Model variable importance - Amazon Fraud Detector

Model variable importance

Model variable importance is a feature of Amazon Fraud Detector that ranks model variables within a model version. Each model variable is provided a value based on its relative importance to the overall performance of your model. The model variable with the highest value is more important to the model than the other model variables in the dataset for that model version, and is listed at the top by default. Likewise, the model variable with the lowest value is listed at the bottom by default and is least important compared to the other model variables. Using model variable importance values, you can gain insight into what inputs are driving your model’s performance.

You can view model variable importance values for your trained model version in the Amazon Fraud Detector console or by using the DescribeModelVersion API.

Model variable importance provides the following set of values for each Variable used to train the Model Version.

  • Variable Name: Name of the model variable that was used to train the model version (for example, ip_address or email_address)

  • Variable Type: Type of variable (for example, IP address or Email)

  • Variable Importance Value: A number that represents the relative importance of the variable to the model's performance. Typical range: 0–10

In the Amazon Fraud Detector console, the model variable importance values are displayed as follows. The visual chart makes it easy to see the relative importance between variables with the vertical dotted line providing reference to the importance value of the highest ranked variable.

Amazon Fraud Detector generates variable importance values for every Fraud Detector model version at no additional cost.

Important

Model versions that were created before July 9, 2021 do not have variable importance values. You must train a new version of your model to generate the model variable importance values.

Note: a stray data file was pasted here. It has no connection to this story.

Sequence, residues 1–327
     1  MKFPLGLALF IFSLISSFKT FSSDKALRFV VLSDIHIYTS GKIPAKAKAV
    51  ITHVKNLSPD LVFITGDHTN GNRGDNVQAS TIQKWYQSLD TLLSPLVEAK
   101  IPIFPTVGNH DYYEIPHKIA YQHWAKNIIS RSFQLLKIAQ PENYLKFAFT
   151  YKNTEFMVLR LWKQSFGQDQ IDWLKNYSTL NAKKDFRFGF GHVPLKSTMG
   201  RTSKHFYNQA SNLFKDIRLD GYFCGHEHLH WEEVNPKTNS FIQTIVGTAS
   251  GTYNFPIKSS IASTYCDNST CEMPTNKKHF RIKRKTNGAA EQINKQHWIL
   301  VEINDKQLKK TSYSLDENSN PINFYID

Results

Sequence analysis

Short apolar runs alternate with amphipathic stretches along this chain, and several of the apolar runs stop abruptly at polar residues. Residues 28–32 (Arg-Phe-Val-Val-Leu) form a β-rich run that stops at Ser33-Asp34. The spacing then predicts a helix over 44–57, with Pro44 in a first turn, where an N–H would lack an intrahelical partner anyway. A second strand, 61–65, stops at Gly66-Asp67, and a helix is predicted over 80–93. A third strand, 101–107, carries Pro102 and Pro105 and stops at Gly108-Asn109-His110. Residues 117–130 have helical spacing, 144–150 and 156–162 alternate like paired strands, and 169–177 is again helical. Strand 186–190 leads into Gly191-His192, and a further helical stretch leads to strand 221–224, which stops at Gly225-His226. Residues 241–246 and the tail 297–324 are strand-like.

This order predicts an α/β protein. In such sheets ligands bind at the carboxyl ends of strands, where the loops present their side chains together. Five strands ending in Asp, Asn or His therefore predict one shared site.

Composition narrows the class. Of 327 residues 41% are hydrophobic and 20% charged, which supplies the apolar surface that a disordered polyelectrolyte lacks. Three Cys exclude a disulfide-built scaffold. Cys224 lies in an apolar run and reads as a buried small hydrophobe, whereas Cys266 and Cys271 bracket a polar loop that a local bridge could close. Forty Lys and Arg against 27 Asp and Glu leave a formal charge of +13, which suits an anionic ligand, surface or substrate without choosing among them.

Using model variable importance values

You can use model variable importance values to gain insight into what is driving performance of your model up or down and which of variables contribute the most. And then tweak your model to improve overall performance.

More specifically, to improve your model performance, examine the variable importance values against your domain knowledge and debug issues in the training data. For example, if Account Id was used as an input to the model and it is listed at the top, take a look at its variable importance value. If the variable importance value is significantly higher than the rest of the values, then your model might be overfitting on a specific fraud pattern (for example, all the fraud events are from the same Account Id). However, it might also be the case that there is a label leakage if the variable depends on the fraud labels. Depending on the outcome of your analysis based on your domain knowledge, you might want to remove the variable and train with a more diverse dataset, or keep the model as it is.

Similarly, take a look at the variables ranked last. If the variable importance value is significantly lower than the rest of the values, then this model variable might not have any importance in training your model. You could consider removing the variable to train a simpler model version. If your model has few variables, such as only two variables, Amazon Fraud Detector still provides the variable importance values and rank the variables. However, the insights in this case will be limited.